2. Fix any errors you find. If you find any errors on your credit report, ask the credit bureaus to correct them. The quickest way is to submit your dispute online through their websites.
  3. Boost your credit score. Improve your credit score by paying down revolving accounts like credit cards and lines of credit. Make your payments on time, and avoid applying for any new credit.
  4. Get an estimate of your home equity. Use websites like Zillow or Redfin to estimate your home's current value. Subtract your existing mortgage balance from that amount to determine how much equity you have.
  5. Determine how much money you need. Identify how much money you need to borrow. Consider including a buffer in case you underestimate the amount.
  6. Determine if you have enough equity. Compare how much equity you have to how much you want to borrow. Is there enough equity in your home to meet that request?
  7. Shop lenders to compare rates and fees. Search for lenders that specialize in lending to homeowners with bad credit. Compare their rates, fees, LTV maximums and other important factors. Also, talk to a bank you have an existing relationship with. It may be more willing to work with you.
  8. Prepare your documents. Every lender is different, but almost every one requires certain documents. These include paystubs, W-2s, tax returns, mortgage statements, property tax bills and insurance policies.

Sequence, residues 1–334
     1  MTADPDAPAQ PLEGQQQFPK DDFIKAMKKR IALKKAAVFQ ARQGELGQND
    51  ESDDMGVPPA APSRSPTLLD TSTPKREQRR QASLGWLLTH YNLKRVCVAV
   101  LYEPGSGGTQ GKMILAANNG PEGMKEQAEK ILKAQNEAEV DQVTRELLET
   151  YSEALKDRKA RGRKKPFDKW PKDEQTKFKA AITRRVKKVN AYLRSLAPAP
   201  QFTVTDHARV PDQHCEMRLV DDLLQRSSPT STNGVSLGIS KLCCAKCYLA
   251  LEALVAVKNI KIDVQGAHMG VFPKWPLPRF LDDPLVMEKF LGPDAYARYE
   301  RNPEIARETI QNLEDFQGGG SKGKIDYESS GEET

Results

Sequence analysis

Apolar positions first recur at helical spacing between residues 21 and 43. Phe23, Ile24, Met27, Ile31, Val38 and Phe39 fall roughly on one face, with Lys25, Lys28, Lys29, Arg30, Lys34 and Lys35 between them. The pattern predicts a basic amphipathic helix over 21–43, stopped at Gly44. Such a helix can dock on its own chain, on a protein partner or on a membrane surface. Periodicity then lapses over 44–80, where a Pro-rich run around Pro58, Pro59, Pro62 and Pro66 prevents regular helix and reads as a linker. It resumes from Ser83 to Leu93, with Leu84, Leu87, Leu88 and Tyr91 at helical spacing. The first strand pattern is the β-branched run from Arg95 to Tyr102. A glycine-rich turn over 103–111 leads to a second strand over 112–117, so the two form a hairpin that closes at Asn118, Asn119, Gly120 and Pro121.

9. Submit your application. Complete the lender's application online, at a branch or over the phone. Have information about your home ready, such as your mortgage payment, insurance premiums, property taxes and HOA dues.
  10. Find a co-signer (if needed). Depending on your credit score and financial situation, some lenders may require a co-signer on your application. If that's the case, talk to friends and family to determine who is willing to help.
  11. Get a home appraisal. A home appraisal provides an independent, third-party opinion of your home's value. There are three main types of appraisals: full (inside inspection of the home), drive-by (appraiser stays outside your home) and desktop (using recent sale comps). Your lender determines what type is necessary based on its internal process and the size of your loan request. In some cases, the lender absorbs the cost of the appraisal. The value of your home and the balance on your first mortgage dictates how much the bank lets you borrow against your home. In other words, the higher your home's appraised value, the more money you can get from it.